In a phase II trial reported in the Journal of Clinical Oncology, Olson et al found that pembrolizumab plus low-dose ipilimumab produced durable responses in patients with advanced melanoma whose disease had progressed on immediate prior PD-1 or PD-L1 inhibitor therapy.
In the U.S. multicenter study, 70 patients (including 60 who progressed on anti–PD-1 antibody therapy alone and 10 on anti–PD-1/PD-L1 antibody–based combinations [no anti–CTLA-4 combinations permitted]) were enrolled between December 2016 and November 2019. The median duration of prior treatment with anti–PD-1/PD-L1 antibody therapy was 4.8 months. Patients received pembrolizumab at 200 mg plus ipilimumab at 1 mg/kg once every 3 weeks for four doses, followed by pembrolizumab monotherapy. The primary endpoint was response rate on immune-related Response Evaluation Criteria in Solid Tumors (irRECIST).
Response was observed in 20 patients (29%, 95% confidence interval [CI] = 18.4%–40.6%), including complete response in 5 (7.2%). Median duration of response was 16.6 months (95% CI = 7.9 months–not reached). At the time of data lock, 14 (70%) of 20 responses were ongoing.
No association between time on prior anti–PD-1/PD-L1 antibody therapy and response to study therapy was observed. The median time between prior treatment and start of study treatment was 1.5 months in responders vs 1.4 months in nonresponders. Among patients with known PD-L1 status, response was observed in 15 (38%) of 39 patients with PD-L1–negative tumors and in 4 (15%) of 27 with PD-L1–positive tumors. Assessment of T-cell–inflamed gene expression scores showed that responses occurred in patients with T-cell–inflamed, non–T-cell inflamed, and intermediate tumors.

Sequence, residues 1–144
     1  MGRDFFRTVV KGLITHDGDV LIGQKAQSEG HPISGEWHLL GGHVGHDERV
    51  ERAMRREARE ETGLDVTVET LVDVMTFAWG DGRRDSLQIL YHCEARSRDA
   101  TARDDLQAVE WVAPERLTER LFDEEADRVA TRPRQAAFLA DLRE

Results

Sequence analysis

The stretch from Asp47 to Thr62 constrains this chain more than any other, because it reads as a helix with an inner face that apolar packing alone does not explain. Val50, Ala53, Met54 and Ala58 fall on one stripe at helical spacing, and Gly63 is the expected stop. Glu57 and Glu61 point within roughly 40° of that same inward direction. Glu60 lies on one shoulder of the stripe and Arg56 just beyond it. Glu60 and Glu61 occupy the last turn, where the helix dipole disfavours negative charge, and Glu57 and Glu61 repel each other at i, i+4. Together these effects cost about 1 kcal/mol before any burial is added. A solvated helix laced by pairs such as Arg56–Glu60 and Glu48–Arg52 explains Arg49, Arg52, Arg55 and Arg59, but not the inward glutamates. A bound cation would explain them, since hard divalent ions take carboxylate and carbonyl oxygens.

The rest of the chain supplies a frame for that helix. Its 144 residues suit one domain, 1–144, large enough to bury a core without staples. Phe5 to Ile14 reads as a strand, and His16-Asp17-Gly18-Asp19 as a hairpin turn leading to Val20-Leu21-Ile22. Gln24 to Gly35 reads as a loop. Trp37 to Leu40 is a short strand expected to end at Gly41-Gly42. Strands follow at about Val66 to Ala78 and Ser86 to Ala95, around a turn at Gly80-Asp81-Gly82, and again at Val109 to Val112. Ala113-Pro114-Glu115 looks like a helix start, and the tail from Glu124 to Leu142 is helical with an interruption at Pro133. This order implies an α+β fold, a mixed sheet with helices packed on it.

Median progression-free survival was 5 months (95% CI = 2.8–8.3 months); median overall survival was 24.7 months (95% CI = 15.2 months–not reached).
Grade 3 to 4 drug-related adverse events occurred in 27% of patients (grade 4 in 1 patient), with the most common being colitis or diarrhea (9%), rash (6%), and transaminase elevations (6%). Treatment-related adverse events leading to treatment discontinuation consisted of transaminase elevation in two patients (3%) and rash, skin/subcutaneous tissue disorder, and colitis/diarrhea in one patient (1%) each. No treatment-related deaths were observed.
The investigators concluded, “To our knowledge, this is the first prospective study in melanoma of pembrolizumab plus low-dose ipilimumab after anti–PD-1/L1 immunotherapy failure, demonstrating significant antitumor activity and tolerability.”
Disclosure: The study was supported by the Merck Investigator Studies Program. For full disclosures of the study authors, visit ascopubs.org.The content in this post has not been reviewed by the American Society of Clinical Oncology, Inc. (ASCO®) and does not necessarily reflect the ideas and opinions of ASCO®.